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Christmas Gift Guide
Tech Industry

New year spells tough times for e-tailers

Despite booming holiday sales, Web retailers can't seem to get a break from Wall Street.

Despite booming holiday sales, Web retailers can't seem to get a break from Wall Street.

Amazon.com's stock fell nearly 13 percent today despite a better-than-expected retailing report for the fourth quarter. The Internet pioneer said its fourth quarter sales exceeded $650 million, topping the revenue it generated in all of last year.

Sears, a bricks-and-mortar retailer that is expanding onto the Web, saw its stock fall today as well--despite announcing only yesterday that fourth-quarter sales figures were better than expected.

In the coming days and weeks, all eyes will be on other retailers--not only the pure Web plays but also those companies that have added Internet sites, dubbed the "clicks and mortar" crowd. They also will be releasing their same-store sales figures for the fourth quarter, which includes the crucial holiday shopping season.

Many analysts remain bearish on the short-term outlook for the retailing market, even if the fourth-quarter results are as strong as Amazon's and Sears' reports.

"The problem is that this is the best holiday season in X number of years," Argus Research analyst Alan Mak said. "The question is: What's the encore? If this is the peak, where is there left to go? There's only one place to go, and that's down."

Fear that the Federal Reserve will raise interest rates this spring is the biggest single threat facing Web retailers, according to Keenan Vision analyst Vernon Keenan.

Analysts fear a rate hike will curtail consumer spending, which increased 4.9 percent during the third quarter of last year--the latest figures available. The Fed meets again in February and March.

The pressure felt by retail stocks in recent days--both among Internet and "clicks and mortar" players--comes on top of a general downturn in retail stocks last year.

Although giants such as Wal-Mart and Home Depot gained more than 60 percent in value last year, former high-fliers ended the year down. Starbucks fell 14 percent, Sears lost 29 percent of its value on the year, and Barnes & Noble ended the year down a whopping 52 percent.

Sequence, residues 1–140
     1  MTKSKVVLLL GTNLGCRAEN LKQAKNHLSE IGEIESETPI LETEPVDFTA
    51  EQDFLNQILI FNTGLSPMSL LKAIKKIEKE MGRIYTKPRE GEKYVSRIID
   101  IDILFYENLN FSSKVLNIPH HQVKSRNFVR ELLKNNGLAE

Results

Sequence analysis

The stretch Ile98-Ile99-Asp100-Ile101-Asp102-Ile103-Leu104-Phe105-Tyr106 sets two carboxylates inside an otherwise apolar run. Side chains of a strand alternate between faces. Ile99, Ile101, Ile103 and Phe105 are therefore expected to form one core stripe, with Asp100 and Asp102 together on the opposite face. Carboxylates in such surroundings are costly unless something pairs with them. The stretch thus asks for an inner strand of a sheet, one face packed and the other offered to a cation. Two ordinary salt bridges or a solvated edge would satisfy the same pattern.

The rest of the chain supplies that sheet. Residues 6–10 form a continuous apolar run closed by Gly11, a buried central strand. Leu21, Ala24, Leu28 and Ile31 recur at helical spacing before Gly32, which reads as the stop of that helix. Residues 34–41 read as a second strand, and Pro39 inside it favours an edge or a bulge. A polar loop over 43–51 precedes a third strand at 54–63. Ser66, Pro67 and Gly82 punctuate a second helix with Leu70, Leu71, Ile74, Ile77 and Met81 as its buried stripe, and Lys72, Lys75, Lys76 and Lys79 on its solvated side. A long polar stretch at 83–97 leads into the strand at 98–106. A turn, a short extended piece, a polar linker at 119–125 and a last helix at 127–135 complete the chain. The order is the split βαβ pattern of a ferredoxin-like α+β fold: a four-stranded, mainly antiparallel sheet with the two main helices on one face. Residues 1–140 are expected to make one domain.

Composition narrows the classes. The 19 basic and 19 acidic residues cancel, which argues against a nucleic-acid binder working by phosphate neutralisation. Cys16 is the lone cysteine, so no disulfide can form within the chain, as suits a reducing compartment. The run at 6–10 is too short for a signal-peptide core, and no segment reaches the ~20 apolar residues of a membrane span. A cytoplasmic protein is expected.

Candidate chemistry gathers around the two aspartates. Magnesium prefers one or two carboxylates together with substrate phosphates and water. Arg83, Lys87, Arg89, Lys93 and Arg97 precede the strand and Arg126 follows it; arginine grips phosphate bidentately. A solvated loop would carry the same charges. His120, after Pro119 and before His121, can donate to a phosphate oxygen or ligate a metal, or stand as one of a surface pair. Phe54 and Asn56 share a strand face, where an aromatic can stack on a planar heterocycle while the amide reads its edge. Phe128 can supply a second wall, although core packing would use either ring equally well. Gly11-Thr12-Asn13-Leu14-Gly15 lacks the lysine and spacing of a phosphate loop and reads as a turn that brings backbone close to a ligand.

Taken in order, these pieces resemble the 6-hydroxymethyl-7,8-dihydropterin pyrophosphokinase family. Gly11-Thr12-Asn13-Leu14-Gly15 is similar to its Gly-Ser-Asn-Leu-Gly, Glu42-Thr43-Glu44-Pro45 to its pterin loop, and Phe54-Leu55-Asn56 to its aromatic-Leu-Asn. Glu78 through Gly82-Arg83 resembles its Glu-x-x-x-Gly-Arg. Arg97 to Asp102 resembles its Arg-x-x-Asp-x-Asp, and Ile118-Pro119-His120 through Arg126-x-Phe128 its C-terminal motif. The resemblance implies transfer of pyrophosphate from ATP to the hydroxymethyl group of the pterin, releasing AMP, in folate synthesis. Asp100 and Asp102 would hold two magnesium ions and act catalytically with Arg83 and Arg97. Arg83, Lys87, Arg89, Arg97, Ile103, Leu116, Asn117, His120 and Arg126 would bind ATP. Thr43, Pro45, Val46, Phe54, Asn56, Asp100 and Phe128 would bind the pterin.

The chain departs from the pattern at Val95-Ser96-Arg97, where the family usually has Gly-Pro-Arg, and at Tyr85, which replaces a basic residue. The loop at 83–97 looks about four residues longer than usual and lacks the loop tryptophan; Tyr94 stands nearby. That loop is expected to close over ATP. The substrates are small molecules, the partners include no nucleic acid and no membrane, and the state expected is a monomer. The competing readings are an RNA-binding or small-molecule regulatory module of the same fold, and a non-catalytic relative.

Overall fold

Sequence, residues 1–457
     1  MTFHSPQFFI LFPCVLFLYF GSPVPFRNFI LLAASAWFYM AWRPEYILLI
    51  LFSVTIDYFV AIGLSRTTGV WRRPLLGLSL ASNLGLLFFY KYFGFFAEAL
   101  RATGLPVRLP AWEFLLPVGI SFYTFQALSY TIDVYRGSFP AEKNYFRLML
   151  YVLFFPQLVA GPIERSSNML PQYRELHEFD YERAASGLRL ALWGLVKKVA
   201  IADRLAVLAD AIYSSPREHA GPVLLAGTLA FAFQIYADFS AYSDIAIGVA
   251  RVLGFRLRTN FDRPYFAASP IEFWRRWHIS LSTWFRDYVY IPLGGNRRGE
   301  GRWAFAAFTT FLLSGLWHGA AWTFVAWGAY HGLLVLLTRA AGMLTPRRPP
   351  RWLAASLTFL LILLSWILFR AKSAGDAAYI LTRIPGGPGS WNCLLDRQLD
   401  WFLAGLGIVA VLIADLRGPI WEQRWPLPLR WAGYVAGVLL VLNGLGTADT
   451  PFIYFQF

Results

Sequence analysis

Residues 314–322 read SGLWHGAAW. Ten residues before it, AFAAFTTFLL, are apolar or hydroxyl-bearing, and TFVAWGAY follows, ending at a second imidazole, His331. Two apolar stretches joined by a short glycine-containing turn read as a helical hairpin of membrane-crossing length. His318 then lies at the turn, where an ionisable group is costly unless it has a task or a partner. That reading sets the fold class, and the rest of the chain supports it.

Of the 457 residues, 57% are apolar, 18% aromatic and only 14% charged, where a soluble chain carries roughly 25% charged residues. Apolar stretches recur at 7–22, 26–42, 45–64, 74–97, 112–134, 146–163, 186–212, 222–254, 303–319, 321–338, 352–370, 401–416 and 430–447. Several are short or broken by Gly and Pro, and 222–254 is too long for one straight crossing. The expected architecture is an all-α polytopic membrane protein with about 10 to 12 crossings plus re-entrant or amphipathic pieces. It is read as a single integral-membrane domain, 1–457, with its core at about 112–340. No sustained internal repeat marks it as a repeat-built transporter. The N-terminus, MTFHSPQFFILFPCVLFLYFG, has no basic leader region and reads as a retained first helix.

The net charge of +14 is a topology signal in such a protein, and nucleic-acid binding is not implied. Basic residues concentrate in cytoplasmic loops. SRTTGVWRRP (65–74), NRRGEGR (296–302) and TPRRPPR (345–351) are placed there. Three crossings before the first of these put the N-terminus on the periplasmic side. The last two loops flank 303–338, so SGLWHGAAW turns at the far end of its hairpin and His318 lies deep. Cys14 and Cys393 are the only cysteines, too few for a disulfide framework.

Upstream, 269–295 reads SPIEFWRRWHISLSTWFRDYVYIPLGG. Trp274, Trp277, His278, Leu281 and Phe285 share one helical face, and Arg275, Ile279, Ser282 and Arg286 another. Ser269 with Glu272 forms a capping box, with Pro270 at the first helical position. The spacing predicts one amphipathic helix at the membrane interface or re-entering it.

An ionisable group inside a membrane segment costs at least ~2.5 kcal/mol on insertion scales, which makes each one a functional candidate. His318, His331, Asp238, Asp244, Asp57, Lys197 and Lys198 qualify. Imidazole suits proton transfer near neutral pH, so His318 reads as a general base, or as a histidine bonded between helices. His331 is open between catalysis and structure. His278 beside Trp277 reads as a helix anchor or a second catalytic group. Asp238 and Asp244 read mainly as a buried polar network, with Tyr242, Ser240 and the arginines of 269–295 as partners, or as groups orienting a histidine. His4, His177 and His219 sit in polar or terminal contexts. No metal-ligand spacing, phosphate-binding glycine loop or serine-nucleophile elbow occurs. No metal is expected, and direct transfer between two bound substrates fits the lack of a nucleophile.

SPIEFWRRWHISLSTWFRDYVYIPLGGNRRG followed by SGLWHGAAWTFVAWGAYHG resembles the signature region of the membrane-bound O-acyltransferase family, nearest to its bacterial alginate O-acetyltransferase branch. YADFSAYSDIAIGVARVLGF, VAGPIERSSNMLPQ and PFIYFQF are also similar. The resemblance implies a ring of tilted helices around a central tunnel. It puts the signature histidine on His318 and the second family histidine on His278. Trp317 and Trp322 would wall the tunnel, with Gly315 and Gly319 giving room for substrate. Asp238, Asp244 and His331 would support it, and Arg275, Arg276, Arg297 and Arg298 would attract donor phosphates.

E-tail stocks suffered a similar fate. Although Amazon ended the year on an up note, gaining some 42 percent on the year, other stocks such as eToys, Barnesandnoble.com and CDNow ended the year at or near their 52-week lows.

E-tail stocks have been hurt by Wall Street's increasing emphasis on profits, Argus' Mak said. Although the e-tailers have proven that they can generate huge sales, few of them have shown that they can turn those sales into a positive bottom line.

"The Street right now is beyond the entire notion of just caring about the sales," Mak said. "Now the question is can they generate a profit out of these sales, and that's still a question for a lot of these companies."

Mak said that Amazon's stock price might rebound some before the company releases its earnings. The company could get a boost from expectations that its book business did actually turn a profit in the fourth quarter as company chief executive Jeff Bezos has predicted.

But other e-tail stocks could remain mired in lowered valuations, as investors become more selective with their investments and look for companies with better hopes for profits, Mak said.

Traditional retailers could be hurt by the growing importance of e-commerce, the so-called cannibalization effect.

Although most land-based retailers saw their sales grow during the holiday season, the online retailers took the cream of the crop of sales. If the U.S. economy had not been growing so strongly, the increase in e-tail sales might have cut into offline sales.

"There would have been some dings on the bricks-and-mortar guys," Keenan said. "There would have been cannibalistic growth."

"Long-term investors should be in 'batten down the hatches' mode and wait for this thing to finish," he added.